“How was your day?” is one of the most common questions families ask each other. It directly contributes to a positive family dynamic by opening the lines of communication. However, this can be a difficult question for children. Just like us kids can have a stressful and busy day. Sometimes, it is difficult for a child to truly communicate about what happened at school. This doesn’t mean that your child did not have a ‘good’ day. They just might not know how to talk about it with you.
Anyone who is a parent has been there. You’ve asked your child, “How was your day?” only to be answered by a grunt or the phrase, “I don’t know”. Talking to your child about their school day is an important part of open family communication. And, it can help you understand the challenges or worries your child may be facing. And, can help you celebrate your child’s success.
Finding ways to share thoughts, feelings and concerns is an important part of creating a healthy family environment. Getting your child to open up might simply be a matter of asking the right questions. Asking ‘yes’ or ‘no’ questions doesn’t allow your child to describe their day in their own words. A great way to get your child to open up about their day is to describe your own. Give your child specifics about activities related to your day to help them open up.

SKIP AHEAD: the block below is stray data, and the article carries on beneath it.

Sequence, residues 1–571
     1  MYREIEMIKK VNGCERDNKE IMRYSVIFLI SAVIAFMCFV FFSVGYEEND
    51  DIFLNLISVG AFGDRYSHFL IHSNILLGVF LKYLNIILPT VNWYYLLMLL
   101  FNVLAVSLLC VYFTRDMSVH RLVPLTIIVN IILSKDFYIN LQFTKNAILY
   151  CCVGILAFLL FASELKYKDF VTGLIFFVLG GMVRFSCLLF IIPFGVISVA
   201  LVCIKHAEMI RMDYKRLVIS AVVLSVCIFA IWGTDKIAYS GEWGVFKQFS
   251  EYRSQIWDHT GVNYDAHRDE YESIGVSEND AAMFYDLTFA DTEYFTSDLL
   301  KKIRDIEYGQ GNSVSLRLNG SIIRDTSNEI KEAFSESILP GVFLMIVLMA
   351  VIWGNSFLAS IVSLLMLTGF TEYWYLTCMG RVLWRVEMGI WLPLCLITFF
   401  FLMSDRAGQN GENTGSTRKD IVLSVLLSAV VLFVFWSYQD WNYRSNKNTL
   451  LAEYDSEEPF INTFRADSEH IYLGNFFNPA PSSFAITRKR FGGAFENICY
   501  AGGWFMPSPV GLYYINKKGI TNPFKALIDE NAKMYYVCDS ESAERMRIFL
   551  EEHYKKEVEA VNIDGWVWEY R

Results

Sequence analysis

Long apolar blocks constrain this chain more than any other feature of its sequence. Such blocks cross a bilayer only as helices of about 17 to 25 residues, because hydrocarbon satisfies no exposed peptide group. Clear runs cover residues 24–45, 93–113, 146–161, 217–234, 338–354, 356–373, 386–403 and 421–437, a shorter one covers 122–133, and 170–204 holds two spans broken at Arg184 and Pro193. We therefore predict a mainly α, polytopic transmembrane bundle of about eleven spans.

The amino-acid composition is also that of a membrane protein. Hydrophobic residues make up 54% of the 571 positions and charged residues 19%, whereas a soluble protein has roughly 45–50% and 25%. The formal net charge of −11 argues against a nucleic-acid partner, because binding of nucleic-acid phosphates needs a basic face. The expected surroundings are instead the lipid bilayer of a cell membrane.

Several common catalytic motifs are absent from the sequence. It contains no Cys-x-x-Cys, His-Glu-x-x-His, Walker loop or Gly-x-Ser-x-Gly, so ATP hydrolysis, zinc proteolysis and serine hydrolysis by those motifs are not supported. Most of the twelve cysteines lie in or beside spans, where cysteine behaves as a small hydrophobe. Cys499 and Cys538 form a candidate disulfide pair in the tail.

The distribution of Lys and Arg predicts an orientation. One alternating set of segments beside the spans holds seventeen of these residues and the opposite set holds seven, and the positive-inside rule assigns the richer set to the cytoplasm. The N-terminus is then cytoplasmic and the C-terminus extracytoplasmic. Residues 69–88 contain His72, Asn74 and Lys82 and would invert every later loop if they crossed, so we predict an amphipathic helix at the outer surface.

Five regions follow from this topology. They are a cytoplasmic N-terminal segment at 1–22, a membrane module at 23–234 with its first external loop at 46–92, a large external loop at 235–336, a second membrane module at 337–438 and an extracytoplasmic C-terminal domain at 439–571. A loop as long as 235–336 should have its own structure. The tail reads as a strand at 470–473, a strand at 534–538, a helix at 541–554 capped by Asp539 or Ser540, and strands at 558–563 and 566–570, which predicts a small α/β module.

Scholastic Parent suggests the following conversation starters to help get your child to share details about their day and open the lines of communication:
Tell me about the best part of your day.
What was the hardest thing you had to do today?
Did any of your classmates do anything funny?
Tell me about what you read in class.
Who did you play with today? What did you play?
Do you think math [or any subject] is too easy or too hard?
What’s the biggest difference between this year and last year?
What rules are different at school than our rules at home? Do you think they’re fair?
Who did you sit with at lunch?
Can you show me something you learned (or did) today?
Asking open-ended questions helps to improve family communication and keeps the conversation going. When you ask your child a yes or no question, you’re not giving them the chance to truly share his/her experiences and feelings.
And remember, we all need a little time to chill at the end of the day. Let your child have some downtime after school. Allow your child enjoy a snack and catch their breath before you ask about his/her day. Follow your child’s lead if your questions open the door for family communication keep them coming. If the conversation just isn’t happening, your child may need a little more time to chill.